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Brown, G. D. A. & Hulme, C. (1995). Modelling item The implications for teaching effects in memory span: no rehearsal needed? Journal of Memory and Language, 34, pp. 594-621. Good L1 comprehenders do not need to learn to comprehend in L2; they already know how to comprehend. Elbro, C. (1996). Early linguistic abilities and reading development: a review and a hypothesis. Reading and Writing, 8, pp. 453-485. Good L1 comprehenders do not need to be taught to identify main ideas in a text. The only cases where help Elbro, C. & Jensen, M. N. (2005). Quality of phonological will be needed in this area are where the rhetorical representations, verbal learning, and phoneme awareness in dyslexic and normal readers. Scandinavian Journal of conventions in the L2 genre they are reading are different Psychology, 46, pp. 375-384. from the corresponding rhetorical conventions in L1. Gernsbacher, M. A. (1990). Language comprehension as My study suggests very strongly that, for alphabetic structure building. Hillsdale, NJ: Erlbaum. languages, explicit teaching of L2 phoneme recognition Gernsbacher, M. A. (1997). Two decades of structure building. will help L2 learners comprehend L2 texts better. If Discourse Processes, 23, pp. 265-304. learners get to a point where their mental repertory of L2 phonemes is well elaborated, i.e., where the different Gernsbacher, M. A., Varner, K. R. & Faust, M. (1990). phonemes in the L2 are well distinguished from one Investigating differences in general comprehension skill. Journal another, they will be able to decode written L2 text into of Experimental Psychology. Learning, Memory and Cognition, 16, pp. 430-445. well-differentiated words for temporary storage in the phonological loop. They can then use their working Griffiths, Y. M. & Snowling, M. J. (2002) Predictors of exception memory to build mental structures representing L2 texts, word and nonword reading in dyslexic children: the severity similar to the structures they build based on L1 texts. hypothesis. Journal of Educational Psychology, 94, pp. 34-43.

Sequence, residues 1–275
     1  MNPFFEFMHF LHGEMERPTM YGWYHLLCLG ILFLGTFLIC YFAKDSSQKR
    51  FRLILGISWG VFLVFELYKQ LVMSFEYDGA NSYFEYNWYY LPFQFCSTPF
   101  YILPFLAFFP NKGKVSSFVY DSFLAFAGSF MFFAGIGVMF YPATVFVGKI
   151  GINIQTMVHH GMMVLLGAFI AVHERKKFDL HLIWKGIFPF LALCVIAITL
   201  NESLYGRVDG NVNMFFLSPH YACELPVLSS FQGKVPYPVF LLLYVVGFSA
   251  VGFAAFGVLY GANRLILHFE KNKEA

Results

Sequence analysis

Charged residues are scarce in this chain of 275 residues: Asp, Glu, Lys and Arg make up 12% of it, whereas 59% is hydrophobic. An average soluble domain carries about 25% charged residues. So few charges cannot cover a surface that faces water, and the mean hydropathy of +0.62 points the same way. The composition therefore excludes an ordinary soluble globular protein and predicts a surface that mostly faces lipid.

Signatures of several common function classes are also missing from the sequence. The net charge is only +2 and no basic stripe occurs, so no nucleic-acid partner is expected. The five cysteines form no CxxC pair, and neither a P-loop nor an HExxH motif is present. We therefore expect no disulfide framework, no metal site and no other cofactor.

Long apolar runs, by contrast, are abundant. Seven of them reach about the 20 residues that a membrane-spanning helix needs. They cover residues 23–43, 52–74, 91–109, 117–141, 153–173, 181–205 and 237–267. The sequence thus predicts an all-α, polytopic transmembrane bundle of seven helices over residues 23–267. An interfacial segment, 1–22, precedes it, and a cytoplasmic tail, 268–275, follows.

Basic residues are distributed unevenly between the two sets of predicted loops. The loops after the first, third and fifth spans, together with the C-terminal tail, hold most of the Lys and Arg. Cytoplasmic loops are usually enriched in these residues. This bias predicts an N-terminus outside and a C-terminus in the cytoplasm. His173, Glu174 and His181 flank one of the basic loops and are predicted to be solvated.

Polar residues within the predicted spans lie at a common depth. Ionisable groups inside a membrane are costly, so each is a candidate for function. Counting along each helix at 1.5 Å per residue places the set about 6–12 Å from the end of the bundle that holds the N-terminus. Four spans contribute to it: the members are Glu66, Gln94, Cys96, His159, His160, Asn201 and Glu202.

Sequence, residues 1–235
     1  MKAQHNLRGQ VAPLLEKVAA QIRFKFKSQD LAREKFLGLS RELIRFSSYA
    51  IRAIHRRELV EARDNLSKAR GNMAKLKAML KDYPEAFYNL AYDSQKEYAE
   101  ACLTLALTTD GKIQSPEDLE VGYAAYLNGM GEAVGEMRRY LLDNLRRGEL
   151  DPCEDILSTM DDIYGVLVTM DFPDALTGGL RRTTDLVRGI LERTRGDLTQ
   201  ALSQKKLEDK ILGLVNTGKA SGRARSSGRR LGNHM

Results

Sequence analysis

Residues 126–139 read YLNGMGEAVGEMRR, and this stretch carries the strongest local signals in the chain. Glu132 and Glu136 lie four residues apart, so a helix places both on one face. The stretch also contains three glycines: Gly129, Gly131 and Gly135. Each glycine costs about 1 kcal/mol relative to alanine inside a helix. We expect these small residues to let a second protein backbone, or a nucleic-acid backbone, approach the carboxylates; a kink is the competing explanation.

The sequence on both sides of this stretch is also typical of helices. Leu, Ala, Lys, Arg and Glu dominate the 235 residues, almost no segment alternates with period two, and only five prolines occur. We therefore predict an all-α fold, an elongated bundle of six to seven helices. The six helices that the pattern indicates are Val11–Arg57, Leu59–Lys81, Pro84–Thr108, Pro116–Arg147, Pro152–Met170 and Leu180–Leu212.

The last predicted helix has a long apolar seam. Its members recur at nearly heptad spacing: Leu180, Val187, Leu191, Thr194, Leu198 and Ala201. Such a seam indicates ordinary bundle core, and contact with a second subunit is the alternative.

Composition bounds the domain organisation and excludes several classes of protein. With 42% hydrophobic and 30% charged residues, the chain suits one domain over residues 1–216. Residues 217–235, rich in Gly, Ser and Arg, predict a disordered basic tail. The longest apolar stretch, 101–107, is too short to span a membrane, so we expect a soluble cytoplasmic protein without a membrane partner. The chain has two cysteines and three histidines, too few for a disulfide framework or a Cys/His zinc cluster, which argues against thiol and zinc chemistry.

MacDonald, M. C. & MacWhinney, B. (1990). Measuring This implies that the sorts of activities that pronunciation- inhibition and facilitation effects from pronouns. Journal of conscious teachers have been using for decades will be Memory and Language, 29, pp. 469-492 useful for developing L2 reading comprehension skill: activities like recognition activities, activities Robertson, D. A., Gernsbacher, M. A., Guidotti, S.J., Robertson, R. R. W., Irwin, W., Mock, B. J. & Campana, M. A. for recognising patterns and dictations of sentences (2000). Functional neuroanatomy of the cognitive process of containing confusable words. Once learners can mapping during discourse comprehension. Psychological distinguish L2 phonemes reliably, all spoken and written Science, 11, pp. 255-260. L2 input will help reinforce their L2 phonemic repertory. Not only will they become better listeners, but they will Swan, D. & Goswami, U. (1997). deficits in developmental dyslexia and the phonological also be better comprehenders of L2 written text. representations hypothesis. Journal of Experimental Child Psychology, 66, pp. 18-41. Catherine Walter ([email protected]) is a Senior Walter, C. (2004). Transfer of reading comprehension skills to Lecturer at the Institute of Education, University of London. st L2 is linked to mental representations of text and to L2 working From 1 May 2009, she will be joining the Education memory. Applied , 25, pp. 315-339. Department at the University of Oxford as a Lecturer in ([email protected]). Walter, C. (2007). First- to second-language reading comprehension: not transfer, but access. International Journal of Applied Linguistics, 17, pp. 14-37. References Walter, C. (2008). Phonology in second language reading: not an optional extra. TESOL Quarterly, 42/3, pp. 455-474. Baddeley, A. D. & Logie, R. . (1999). Working memory: the multiple-component model. In Models of working memory: mechanisms of active maintenance and executive control. A. Waters, G. S., Caplan, D. & Hildebrandt, N. (1987) Working Miyake & P. Shah (Eds.), Cambridge: Cambridge University memory and written sentence comprehension. In Attention and Press, pp. 28-61. performance: vol. 12. The psychology of reading. M. Coltheart (Ed.), Hove, England: Erlbaum, pp. 531-555. Baddeley, A., Eldridge, M. & Lewis, V. (1981). The role of subvocalisation in reading. Quarterly Journal of Experimental Psychology A, 33, pp. 439-454. © Catherine Walter 2009. This article may be reproduced freely, Boada, R. & Pennington, B. F. (2006). Deficient phonological as long as the author is informed in writing and in advance of representations in children with dyslexia. Journal of Experimental publication. Child Psychology, 95, pp, 153-193.